Tag Archive for: falling tree injuries

Protecting Workers from Falling Tree Limbs

Whether you work in tree care or some other industry, there is a heightened risk of falling tree limbs when workers spend a lot of time in the great outdoors. Tree limbs can fall on workers for a variety of reasons, and the results of one of these accidents can be catastrophic. A worker can become seriously hurt being struck by a falling object or by coming into contact with power lines brought down by falling tree limbs. 

According to OSHA, every employer is required to furnish a workplace that is free from recognized hazards that could cause or are likely to cause physical harm or death. If a tree falls on and injures or kills a worker, this could be a violation of that duty. Here’s how to recognize some of these hazards, ways to protect workers from harm, and steps to take if you are injured by a falling tree limb. 

Recognizing the Hazards of Falling Tree Limbs

Any property with mature trees creates a risk of falling tree limbs. A large tree limb can be incredibly heavy, sometimes weighing hundreds of pounds. A limb falling from a tree without warning can cause severe injury to a worker or even death. 

The degree of hazard depends on a variety of factors, such as the size of the tree and other hazards in the area, like live power lines. Some things that can weaken tree limbs and cause failure include:

  • Storm damage
  • Dead limbs
  • Split trunks caused by frost or wind
  • Diseased roots
  • Fungal damage
  • Fire damage

According to OSHA, some of the most common types of accidents causing serious injury or death include:

  • Workers being struck by a tree, including cases where a tree being cut falls forward onto a worker or a tree being cut by a co-worker falls onto a worker;
  • Workers being injured or killed when a portion of a tree falls while performing rope handling activities from the ground; and
  • Electrocutions occur when a fallen tree limb comes into contact with electric transformers or high-voltage lines and a worker.

How Employers Can Protect Workers from Falling Tree Limbs

Mainly propelled by an alarming rise in the number of incidents in the landscaping and tree industries, OSHA launched the Regional Emphasis Program several years ago in an effort to reduce injuries in these industries. This program addresses how to keep workers who are working around trees safe, and the guidelines can be applied to any industry. 

OSHA encourages employers to take steps to eliminate or reduce hazards related to site preparation and tree trimming as well as implement effective safety strategies. OSHA recommends employers use the following strategies to protect workers from injury caused by falling tree limbs:

  • Safety instruction must be provided to all workers on safe work procedures and special techniques for working around trees and power lines.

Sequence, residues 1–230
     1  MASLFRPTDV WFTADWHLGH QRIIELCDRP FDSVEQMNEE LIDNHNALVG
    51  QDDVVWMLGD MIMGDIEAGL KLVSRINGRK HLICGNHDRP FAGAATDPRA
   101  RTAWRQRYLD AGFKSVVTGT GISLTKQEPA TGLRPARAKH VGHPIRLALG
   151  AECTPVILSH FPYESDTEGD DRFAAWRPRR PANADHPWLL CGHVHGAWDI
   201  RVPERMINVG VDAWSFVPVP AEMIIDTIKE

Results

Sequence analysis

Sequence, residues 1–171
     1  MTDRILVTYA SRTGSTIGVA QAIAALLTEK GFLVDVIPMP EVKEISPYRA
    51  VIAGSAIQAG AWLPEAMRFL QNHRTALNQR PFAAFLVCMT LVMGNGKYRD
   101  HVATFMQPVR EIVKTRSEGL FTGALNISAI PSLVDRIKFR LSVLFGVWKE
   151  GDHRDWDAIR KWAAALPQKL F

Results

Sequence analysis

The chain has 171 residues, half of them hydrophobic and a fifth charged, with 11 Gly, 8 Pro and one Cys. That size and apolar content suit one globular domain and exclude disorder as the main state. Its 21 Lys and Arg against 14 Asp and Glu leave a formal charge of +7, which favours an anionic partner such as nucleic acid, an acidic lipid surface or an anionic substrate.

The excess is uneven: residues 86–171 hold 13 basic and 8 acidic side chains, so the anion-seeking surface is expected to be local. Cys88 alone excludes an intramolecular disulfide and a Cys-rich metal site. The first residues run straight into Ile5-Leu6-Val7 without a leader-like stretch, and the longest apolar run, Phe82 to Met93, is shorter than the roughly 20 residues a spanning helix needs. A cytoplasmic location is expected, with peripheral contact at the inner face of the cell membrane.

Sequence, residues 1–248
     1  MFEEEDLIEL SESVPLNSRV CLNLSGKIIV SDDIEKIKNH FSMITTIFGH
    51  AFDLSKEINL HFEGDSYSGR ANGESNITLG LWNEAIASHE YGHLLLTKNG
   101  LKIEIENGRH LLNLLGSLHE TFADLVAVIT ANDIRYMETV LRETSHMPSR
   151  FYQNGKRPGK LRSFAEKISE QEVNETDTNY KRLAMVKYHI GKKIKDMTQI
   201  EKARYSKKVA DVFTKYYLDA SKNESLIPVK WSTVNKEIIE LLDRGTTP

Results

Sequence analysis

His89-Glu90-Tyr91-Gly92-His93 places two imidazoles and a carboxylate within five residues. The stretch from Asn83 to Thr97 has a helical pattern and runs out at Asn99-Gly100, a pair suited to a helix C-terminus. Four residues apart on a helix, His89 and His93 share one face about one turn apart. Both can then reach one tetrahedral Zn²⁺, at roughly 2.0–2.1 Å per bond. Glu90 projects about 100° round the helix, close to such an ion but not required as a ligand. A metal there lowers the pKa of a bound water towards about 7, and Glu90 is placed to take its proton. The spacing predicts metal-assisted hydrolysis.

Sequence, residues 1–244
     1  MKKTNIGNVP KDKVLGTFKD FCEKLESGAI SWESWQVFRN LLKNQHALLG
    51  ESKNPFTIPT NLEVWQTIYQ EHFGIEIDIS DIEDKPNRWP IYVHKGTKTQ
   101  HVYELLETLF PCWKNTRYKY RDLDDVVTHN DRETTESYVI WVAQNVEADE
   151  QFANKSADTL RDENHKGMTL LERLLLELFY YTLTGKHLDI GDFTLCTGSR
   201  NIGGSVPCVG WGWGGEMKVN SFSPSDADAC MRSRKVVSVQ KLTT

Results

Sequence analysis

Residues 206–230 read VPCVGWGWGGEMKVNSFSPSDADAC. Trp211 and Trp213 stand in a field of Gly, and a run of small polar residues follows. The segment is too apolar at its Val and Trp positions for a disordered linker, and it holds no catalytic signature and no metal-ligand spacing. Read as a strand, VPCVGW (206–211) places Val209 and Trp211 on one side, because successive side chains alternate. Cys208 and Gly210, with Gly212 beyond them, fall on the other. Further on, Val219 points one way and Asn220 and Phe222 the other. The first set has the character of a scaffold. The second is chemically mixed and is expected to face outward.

• A qualified supervisor must inspect the job site prior to commencing work and brief the crew on any specific safety hazards. 
  • A qualified person should closely inspect a tree’s root collar, trunk, and limbs for strength before climbing. 
  • If there are doubts about the safety of climbing a tree, consider using aerial devices like lifts. 
  • Postpone tree work if there are unfavorable weather conditions, such as rain, ice, or high winds. 
  • Clearly mark work zone boundaries with safety tape, cones, or some other conspicuous markings. 
  • Establish clear methods of communication between workers on the job site. 
  • Workers in an aerial lift or suspended in a tree must provide clear warnings to the ground crew. 
  • The ground crew must acknowledge warnings given by workers from above before work can proceed. 
  • Workers should not turn their back to a tree when branches are being cut. 
  • Workers must be provided with and trained on the proper use of safety equipment and personal protective equipment (PPE), such as harnesses, tree saddles, belts, hard hats, high visibility clothing, and safety glasses. 

Have You Been Injured by a Falling Tree Limb?

If you’ve suffered a workplace injury resulting from a falling tree limb, you should understand that your employer has a duty to provide a safe workplace that protects you from these types of hazards. Proper training and appropriate safety measures are essential components of workplace preparedness. 

Having to report an injury doesn’t mean you’ve done something wrong. As an employee, you have the right medical care and other benefits after a work-related injury. To learn more about protecting yourself from workplace hazards and asserting your rights before or after an accident, contact an OSHA Injury Attorney directly.